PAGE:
Food waste oil becomes airplane fuel، National Environmental Protection Corporation discovered this business opportunit


Food waste oil becomes airplane fuel


Food waste oil becomes airplane fuel: At an upscale restaurant in Chengdu, China’s hot pot capital, diners plunged slices of meat and vegetables into a large pot of spicy, greasy broth, mostly unaware that the hot pot soup base was being prepared for a new life as aviation fuel. Second spring.

Restaurants in Chengdu throw away about 150,000 tons of used hot pot oil every year, and local company Sichuan Jinshang Environmental Protection Company discovered this business opportunity and processed the greasy waste into aviation fuel for export.

Ye Bin, the company’s general manager, told AFP that his company’s motto is, “Let gutter oil soar into the sky.”

150,000 tons of industrial-grade oil are extracted from gutter oil every year
Ye Bin said his company, founded in 2017, now produces up to 150,000 tons of industrial-grade oil annually from hot pot restaurants and other restaurants in Chengdu, including KFC fast food restaurants.

On a typical night, collectors hired by Jinshang visit hundreds of restaurants in the southwestern metropolis. As soon as customers leave, waiters pour their hot pot soup into a special filter that separates oil and water.

The collectors then put on thick aprons and elbow-length rubber gloves to collect jars of the scarlet grease.

The grease was then transported to a business park on the outskirts of the city, where Jinshang’s factory is located, and the premises are largely spotless. The only traces of oil in the factory were the faint smell of a hot pot on the loading dock and the obvious orange stains on the bottom of some equipment.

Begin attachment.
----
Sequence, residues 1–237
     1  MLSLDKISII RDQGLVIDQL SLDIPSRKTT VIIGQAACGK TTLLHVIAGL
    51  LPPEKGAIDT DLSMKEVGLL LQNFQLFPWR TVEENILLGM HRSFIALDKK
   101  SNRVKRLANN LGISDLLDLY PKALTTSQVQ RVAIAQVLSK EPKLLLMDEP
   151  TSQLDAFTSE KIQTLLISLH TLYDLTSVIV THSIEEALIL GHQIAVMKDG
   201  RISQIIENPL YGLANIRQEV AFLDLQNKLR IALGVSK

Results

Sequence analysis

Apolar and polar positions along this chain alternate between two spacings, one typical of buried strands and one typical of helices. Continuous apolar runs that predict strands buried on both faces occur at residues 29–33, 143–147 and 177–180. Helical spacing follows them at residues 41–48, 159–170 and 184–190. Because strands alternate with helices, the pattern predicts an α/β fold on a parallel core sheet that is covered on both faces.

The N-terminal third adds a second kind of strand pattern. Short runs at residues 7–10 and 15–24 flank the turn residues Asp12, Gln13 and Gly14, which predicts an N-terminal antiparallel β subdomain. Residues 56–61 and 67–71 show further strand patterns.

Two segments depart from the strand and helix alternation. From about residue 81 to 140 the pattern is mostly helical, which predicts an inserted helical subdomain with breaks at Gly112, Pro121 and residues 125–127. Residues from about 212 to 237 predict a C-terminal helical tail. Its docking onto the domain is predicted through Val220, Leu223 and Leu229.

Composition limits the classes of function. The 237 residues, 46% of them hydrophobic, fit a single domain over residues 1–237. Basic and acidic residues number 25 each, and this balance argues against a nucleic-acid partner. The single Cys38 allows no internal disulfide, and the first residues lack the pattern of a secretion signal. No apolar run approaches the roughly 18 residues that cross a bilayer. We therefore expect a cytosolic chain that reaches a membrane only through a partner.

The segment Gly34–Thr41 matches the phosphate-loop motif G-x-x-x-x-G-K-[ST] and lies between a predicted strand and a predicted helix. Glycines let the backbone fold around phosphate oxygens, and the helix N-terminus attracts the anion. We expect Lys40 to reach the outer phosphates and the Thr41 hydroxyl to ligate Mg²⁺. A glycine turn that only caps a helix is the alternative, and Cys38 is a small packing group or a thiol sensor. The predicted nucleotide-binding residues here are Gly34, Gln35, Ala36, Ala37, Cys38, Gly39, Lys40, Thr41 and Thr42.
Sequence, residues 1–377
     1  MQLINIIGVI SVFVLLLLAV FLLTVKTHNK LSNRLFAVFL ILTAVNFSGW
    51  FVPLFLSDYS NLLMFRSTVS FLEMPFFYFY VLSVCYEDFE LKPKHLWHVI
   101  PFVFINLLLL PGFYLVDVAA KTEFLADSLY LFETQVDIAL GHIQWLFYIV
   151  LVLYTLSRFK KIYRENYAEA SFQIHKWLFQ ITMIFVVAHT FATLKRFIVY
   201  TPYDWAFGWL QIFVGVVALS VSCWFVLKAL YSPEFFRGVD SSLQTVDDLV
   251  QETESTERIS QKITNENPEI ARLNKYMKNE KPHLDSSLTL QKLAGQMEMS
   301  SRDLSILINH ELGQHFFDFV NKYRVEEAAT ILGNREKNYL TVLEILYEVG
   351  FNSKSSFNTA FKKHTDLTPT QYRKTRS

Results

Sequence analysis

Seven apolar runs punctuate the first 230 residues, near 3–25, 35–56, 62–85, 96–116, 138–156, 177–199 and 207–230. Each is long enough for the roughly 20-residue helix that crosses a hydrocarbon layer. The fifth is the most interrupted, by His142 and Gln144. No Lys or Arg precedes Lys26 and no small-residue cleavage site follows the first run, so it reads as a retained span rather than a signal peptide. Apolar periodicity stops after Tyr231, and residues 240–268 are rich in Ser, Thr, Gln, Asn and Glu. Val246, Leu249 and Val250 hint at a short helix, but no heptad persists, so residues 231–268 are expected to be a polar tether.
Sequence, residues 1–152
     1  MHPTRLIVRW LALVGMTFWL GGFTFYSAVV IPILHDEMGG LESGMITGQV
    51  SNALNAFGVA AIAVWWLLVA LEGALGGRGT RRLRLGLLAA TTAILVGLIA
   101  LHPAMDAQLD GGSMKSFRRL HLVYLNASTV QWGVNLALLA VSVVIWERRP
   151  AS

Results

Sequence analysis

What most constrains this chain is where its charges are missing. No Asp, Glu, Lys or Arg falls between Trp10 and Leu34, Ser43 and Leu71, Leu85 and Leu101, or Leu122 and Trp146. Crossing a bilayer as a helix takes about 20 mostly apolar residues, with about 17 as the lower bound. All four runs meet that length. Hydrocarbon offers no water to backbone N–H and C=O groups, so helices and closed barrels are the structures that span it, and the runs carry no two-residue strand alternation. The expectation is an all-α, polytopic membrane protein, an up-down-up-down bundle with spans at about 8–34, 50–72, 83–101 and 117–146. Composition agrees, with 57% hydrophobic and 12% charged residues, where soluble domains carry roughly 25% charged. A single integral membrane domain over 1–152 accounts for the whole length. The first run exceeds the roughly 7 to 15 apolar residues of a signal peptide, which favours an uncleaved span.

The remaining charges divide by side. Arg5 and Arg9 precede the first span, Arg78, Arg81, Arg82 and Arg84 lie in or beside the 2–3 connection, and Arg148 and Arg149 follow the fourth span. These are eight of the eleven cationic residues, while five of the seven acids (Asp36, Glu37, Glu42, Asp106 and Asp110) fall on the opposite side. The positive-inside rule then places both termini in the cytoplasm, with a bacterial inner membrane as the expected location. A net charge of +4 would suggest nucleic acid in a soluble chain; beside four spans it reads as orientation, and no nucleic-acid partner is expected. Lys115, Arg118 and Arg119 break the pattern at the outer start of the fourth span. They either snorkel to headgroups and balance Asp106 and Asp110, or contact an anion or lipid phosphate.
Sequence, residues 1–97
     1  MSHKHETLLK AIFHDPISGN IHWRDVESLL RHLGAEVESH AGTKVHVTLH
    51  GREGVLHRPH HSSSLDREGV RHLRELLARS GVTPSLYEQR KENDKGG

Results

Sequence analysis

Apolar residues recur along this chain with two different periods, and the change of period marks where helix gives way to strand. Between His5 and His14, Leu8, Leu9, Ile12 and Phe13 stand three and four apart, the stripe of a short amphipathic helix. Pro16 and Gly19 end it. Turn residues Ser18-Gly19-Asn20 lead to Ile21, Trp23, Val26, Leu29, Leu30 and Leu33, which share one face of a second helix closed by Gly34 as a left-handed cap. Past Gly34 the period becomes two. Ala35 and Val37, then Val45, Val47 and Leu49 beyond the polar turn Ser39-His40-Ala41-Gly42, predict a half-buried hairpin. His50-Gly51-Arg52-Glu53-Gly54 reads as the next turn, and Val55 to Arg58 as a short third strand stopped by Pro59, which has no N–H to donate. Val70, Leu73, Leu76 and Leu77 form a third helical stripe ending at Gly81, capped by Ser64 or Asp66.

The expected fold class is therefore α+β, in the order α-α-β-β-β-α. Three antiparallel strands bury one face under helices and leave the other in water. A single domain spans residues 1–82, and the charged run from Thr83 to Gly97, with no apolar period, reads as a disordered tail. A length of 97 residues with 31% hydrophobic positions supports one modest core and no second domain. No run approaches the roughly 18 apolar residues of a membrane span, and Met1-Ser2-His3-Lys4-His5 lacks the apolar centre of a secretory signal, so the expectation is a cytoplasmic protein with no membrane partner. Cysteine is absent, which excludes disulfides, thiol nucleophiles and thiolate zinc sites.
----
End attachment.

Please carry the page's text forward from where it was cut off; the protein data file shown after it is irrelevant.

The grease is piped into vats, where it undergoes a refining process that removes remaining moisture and impurities, eventually becoming a clear, yellow, industrial-grade oil.

Export to Europe, America, and Singapore to refine aviation fuel
The oil is exported to customers mainly in Europe, the United States, and Singapore, who further process it into what industry insiders call “sustainable aviation fuel” (SAF).

According to the International Energy Agency, the aviation industry will emit 2% of total global energy-related emissions in 2022.

However, due to processing costs and a relatively small number of suppliers, recycled aircraft fuel is still not widely used, accounting for less than 0.1% of all aviation fuels.

Recycled fuel is still not widely available
The International Air Transport Association estimates that the widespread use of recycled aviation fuel can contribute about 65% of the emissions reductions required for the aviation industry to achieve net-zero emissions in 2050.

Jinshang plans to expand its SAF production facilities shortly, using equipment from the American Honeywell Company, and the annual output will reach 300,000 tons. The company’s business model is part of China’s broader efforts to tackle the vast amounts of food waste generated by its 1.4 billion people.

According to a 2021 study in Nature, about 350 million tons of agricultural products are discarded by restaurants, supermarkets, or consumers in China every year.

The EPA says that in landfills, rotting food waste emits atmosphere-warming methane gas faster than most other materials.

China continues to tackle the food waste problem
This is a huge headache for Chinese cities and a major threat to global climate goals. The Chinese government has vowed to tackle the problem in a recent methane emissions plan that calls for the construction of innovative food waste treatment projects across the country in the next few years.

In Shanghai, city waste facilities have turned to the humble black soldier fly to turn tons of food waste into fertilizer and animal feed each year.

According to Wu Yuefeng, deputy director of the plant, 500 million maggots are living in a sealed cave at the Laogang garbage treatment plant, which eats up to 2,500 tons of food waste every day.

The maggots are destroyed at their fullest, with the grubs expelling a black, earthy substance that is reused as livestock feed.

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